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AT&T wins court approval to buy Time Warner over Trump opposition

By Diane Bartz and David Shepardson
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AT&T, Time Warner and the Entire Media Merger Frenzy Explained

From AT&T and Time Warner to the hot pursuit of 21st Century Fox and Sky, media mergers are in full swing. Why now? WSJ's Amol Sharma answers all your questions about the forces driving media deals. Photo: Getty Images

By Diane Bartz and David Shepardson

WASHINGTON (Reuters) - AT&T Inc won court approval on Tuesday to buy Time Warner Inc for $85 billion, rebuffing an attempt by U.S. President Donald Trump's administration to block the deal and likely setting off a wave of corporate mergers. The deal, which could close next week, is seen as a turning point for a media industry that has been upended by companies like Netflix Inc and Alphabet Inc's Google which produce content and sell it online directly to consumers, without requiring a pricey cable subscription. Cable, satellite and wireless carriers all see buying content companies as a way to add revenue.

Trump, a frequent detractor of Time Warner's CNN and its coverage, denounced the deal when it was announced in October 2016. U.S. District Judge Richard Leon found little to support the government's arguments that the deal would harm consumers, calling one position "gossamer thin" and another "poppycock."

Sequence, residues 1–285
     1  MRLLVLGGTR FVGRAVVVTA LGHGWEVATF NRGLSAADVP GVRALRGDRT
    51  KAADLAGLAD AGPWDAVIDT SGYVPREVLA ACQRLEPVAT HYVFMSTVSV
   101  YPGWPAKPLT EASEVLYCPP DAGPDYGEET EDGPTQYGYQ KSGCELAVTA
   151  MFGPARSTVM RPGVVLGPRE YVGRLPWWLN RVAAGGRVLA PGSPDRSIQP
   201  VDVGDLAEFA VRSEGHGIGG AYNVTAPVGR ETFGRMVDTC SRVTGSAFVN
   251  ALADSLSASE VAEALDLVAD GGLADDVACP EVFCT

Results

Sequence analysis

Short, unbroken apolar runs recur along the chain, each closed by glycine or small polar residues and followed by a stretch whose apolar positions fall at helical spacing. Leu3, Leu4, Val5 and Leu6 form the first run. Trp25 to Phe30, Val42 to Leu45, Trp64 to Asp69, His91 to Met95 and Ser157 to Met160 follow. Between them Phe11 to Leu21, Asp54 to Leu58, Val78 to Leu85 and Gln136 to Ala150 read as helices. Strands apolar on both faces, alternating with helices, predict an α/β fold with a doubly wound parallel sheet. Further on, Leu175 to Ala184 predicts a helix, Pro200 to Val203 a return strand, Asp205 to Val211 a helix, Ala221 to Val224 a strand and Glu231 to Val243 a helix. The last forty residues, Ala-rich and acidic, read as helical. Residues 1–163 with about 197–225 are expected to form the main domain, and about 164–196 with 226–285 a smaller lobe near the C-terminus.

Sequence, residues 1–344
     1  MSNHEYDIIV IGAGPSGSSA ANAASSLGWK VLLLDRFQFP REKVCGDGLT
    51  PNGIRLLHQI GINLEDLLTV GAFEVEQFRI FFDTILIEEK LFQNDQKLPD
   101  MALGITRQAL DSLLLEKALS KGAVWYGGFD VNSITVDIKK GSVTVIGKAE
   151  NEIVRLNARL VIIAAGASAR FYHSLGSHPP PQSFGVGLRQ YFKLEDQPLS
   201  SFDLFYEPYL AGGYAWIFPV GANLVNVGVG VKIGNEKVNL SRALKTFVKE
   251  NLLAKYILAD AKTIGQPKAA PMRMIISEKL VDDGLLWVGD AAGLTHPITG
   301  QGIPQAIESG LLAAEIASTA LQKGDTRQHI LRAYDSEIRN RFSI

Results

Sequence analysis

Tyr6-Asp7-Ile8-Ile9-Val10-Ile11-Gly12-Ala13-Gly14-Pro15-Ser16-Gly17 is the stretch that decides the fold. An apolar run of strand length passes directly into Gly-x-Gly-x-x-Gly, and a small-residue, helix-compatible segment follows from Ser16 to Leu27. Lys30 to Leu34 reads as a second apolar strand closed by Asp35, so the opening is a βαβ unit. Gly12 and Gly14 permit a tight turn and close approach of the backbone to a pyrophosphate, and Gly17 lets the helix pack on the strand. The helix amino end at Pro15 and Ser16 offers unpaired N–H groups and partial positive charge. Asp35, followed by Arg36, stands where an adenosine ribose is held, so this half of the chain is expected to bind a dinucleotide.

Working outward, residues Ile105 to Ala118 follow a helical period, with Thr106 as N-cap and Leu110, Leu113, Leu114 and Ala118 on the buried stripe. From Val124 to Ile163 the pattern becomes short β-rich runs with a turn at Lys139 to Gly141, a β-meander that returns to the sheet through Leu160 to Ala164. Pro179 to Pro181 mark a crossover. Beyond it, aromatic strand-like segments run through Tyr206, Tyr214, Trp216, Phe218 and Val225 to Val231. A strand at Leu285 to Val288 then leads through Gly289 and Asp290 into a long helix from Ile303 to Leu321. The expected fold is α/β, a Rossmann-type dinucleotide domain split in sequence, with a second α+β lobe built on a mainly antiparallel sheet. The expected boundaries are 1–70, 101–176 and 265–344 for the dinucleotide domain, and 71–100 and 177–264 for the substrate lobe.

The ruling could also prompt a cascade of pay TV companies buying television and movie makers, with Comcast Corp's bid for some Twenty-First Century Fox Inc assets potentially the first out of the gate.

The merger, including debt, would be the fourth largest deal ever attempted in the global telecom, media and entertainment space, according to Thomson Reuters data. It would also be the 12th largest deal in any sector, the data showed.

In a scathing opinion https://bit.ly/2Jxx6qE, Leon concluded that the government had failed to show competitive harm and urged the U.S. government not to seek a stay of his ruling pending a potential appeal, saying it would be "manifestly unjust" to do so and not likely to succeed.

"That's a legal shocker," said J.B. Heaton, an attorney and consultant on litigation and regulatory proceedings. "I think we'll see now that companies will be much more confident about vertical mergers," he added, referring to deals where a company merges with a supplier.

Shares of AT&T fell about 1.3 percent in after-hours trade following the decision, while Time Warner rose more than 5 percent.

Twenty-First Century Fox jumped 7 percent in extended trade after the ruling on expectations that Comcast and Walt Disney Co could start a bidding war to acquire its media assets. Comcast and Walt Disney dropped 4.3 percent and 1.8 percent, respectively.

Shares of other media and telecom companies also rose, including T-Mobile US Inc, Sprint Corp, CBS Corp, Dish Network Corp, Discovery Inc and Viacom Inc.

"This will be a blockbuster summer for media mergers," said Mary Ann Halford, senior adviser to OC&C Strategy Consultants.

Shares of Express Scripts Holding Co, which is set to be bought by Cigna Corp for $52 billion, rose 4.8 percent, while shares of health insurer Aetna Inc, due to be acquired by CVS Health Corp for $69 billion, rose 3.6 percent.